The Wretched (2019)

The Wretched
Director: Brett Pierce, Drew T. Pierce
Writer: Brett Pierce, Drew T. Pierce
Cast: John-Paul Howard, Piper Curda, Jamison Jones, Azie Tesfai, Zarah Mahler, Kevin Bigley
Seen on: 19.8.2020

Content Note: misogyny

Plot:
Ben (John-Paul Howard) is supposed to work with his father Liam (Jamison Jones) over the summer. Liam is the harbor master in a town filled with tourists – like the people renting the house next door, Abbie (Zarah Mahler), her partner Ty (Kevin Bigley) and their two children. One night, Ben sees something weird going on at their place and the only one who even indulges the thought that he might be on to something is his co-worker Mallory (Piper Curda). But even she isn’t convinced that there is actually a witch in the house next door as Ben suspects.

The Wretched has one clever idea, but otherwise isn’t particularly interesting or brings much to the table that we haven’t seen before.

The film poster showing a woman with flaking skin hiding behind a deer skull.

The Wretched tells a familiar tale and taps into the 80s nostalgia feeling – without actually being set in the 80s. This means that the film feels already a little outdated before it even really gets going. Some might find this endearing, to me it just felt like they didn’t actually have anything to say, so they said stuff other people already said – and better. Not particularly interesting.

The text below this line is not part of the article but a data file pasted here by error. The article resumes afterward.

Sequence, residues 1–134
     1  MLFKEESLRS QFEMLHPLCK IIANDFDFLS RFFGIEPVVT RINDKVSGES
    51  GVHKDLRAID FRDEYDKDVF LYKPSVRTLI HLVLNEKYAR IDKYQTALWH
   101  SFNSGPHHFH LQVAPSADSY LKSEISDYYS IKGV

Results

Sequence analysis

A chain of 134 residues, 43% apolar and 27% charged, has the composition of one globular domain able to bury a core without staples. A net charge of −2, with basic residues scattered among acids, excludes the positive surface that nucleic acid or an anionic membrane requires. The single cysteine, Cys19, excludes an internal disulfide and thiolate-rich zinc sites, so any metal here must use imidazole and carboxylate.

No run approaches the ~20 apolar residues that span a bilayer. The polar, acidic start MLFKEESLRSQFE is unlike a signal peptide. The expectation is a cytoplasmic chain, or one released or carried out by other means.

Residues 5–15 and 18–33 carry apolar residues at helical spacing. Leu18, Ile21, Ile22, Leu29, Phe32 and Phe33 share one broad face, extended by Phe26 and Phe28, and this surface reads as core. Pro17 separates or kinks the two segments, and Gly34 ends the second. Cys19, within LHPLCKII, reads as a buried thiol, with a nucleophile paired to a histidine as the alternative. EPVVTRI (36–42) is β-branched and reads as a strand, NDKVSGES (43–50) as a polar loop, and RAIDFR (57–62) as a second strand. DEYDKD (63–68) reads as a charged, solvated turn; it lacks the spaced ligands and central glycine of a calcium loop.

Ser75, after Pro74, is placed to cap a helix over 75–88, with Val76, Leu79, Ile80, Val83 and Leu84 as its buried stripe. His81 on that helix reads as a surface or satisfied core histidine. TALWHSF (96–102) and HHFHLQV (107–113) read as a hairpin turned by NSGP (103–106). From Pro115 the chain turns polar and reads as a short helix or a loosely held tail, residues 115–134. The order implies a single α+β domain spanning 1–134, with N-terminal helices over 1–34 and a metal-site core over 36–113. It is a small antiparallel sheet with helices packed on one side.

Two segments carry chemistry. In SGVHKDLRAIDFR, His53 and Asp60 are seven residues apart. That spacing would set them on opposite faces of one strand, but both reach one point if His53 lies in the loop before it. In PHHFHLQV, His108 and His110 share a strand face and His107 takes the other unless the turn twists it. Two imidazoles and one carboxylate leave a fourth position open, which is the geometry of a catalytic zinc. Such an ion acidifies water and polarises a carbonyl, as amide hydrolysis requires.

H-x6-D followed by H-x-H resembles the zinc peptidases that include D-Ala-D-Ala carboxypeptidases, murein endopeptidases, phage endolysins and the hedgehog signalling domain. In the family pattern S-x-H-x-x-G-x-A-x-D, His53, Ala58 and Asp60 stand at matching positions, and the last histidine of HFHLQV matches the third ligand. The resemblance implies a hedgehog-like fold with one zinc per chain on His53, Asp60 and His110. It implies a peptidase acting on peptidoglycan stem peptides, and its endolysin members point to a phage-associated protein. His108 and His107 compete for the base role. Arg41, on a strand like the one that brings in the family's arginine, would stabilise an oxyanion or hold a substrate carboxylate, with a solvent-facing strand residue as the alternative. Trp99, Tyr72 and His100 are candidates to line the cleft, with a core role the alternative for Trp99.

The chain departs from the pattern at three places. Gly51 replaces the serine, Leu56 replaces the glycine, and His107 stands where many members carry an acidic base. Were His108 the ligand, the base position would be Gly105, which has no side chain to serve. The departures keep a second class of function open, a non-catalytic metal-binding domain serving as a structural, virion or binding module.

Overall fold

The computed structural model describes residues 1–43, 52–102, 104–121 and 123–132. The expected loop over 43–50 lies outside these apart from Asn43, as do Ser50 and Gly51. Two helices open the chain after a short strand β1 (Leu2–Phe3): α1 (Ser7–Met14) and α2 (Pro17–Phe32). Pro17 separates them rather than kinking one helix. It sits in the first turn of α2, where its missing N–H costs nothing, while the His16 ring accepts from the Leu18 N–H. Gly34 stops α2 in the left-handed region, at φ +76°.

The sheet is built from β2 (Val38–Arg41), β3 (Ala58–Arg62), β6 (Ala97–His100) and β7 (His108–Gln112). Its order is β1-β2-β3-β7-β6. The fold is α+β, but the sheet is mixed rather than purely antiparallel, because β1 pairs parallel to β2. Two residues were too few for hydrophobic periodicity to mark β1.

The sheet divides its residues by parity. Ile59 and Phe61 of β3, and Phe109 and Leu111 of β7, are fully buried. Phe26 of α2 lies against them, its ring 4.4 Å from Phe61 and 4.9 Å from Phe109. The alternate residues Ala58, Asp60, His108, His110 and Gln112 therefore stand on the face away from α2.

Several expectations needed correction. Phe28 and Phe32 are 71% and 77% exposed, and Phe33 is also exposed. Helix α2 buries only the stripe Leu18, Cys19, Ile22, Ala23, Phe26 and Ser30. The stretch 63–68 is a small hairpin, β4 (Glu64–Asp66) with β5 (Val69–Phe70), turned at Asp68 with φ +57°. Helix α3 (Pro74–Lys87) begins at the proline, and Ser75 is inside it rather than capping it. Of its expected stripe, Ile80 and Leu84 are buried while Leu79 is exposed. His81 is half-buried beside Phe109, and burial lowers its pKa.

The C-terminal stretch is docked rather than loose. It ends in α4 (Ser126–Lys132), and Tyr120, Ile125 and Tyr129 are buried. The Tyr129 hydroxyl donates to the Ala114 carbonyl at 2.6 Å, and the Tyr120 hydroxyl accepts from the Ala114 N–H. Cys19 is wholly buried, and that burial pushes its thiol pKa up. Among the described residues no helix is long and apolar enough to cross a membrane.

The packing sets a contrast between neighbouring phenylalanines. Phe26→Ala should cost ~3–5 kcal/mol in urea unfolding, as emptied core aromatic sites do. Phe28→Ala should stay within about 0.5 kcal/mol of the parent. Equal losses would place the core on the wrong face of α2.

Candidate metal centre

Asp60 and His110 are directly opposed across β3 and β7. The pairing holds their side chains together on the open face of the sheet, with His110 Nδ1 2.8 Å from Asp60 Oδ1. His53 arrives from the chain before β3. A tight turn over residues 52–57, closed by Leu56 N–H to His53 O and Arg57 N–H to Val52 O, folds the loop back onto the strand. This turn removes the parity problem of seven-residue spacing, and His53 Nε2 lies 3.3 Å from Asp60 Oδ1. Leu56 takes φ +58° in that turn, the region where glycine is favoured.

There is one twist in the middle of the film that is actually pretty cleverly made, but that isn’t enough to really get the film off the ground. Especially since most of the film is built on (more or less latent) misogyny: a witch going after children and who can take over any body – but only takes over women (making all women automatically suspect)? And who immediately dresses the more tomboyish Abbie in flowery dresses as soon as she takes her over (making femininity a sign of evil)? Let’s think about this a little more, huh.

Ben (John-Paul Howard) investigating his neighbors' cellar.

Ironically, it is exactly the female characters and the actors portraying them who manage to stand out. Piper Curda rules the film whenever she is on screen, and sometimes even when she isn’t; and Zarah Mahler obviously has fun and gives Abbie (as Abbie and not the witch) a lot more character than the script probably intended.

The Wretched isn’t a catastrophe, but it probably wasn’t worth paying the ticket price for. For that there just isn’t enough to it that is actually worth seeing.

Mallory (Piper Curda) in the woods at night.

Summarizing: a little tired.

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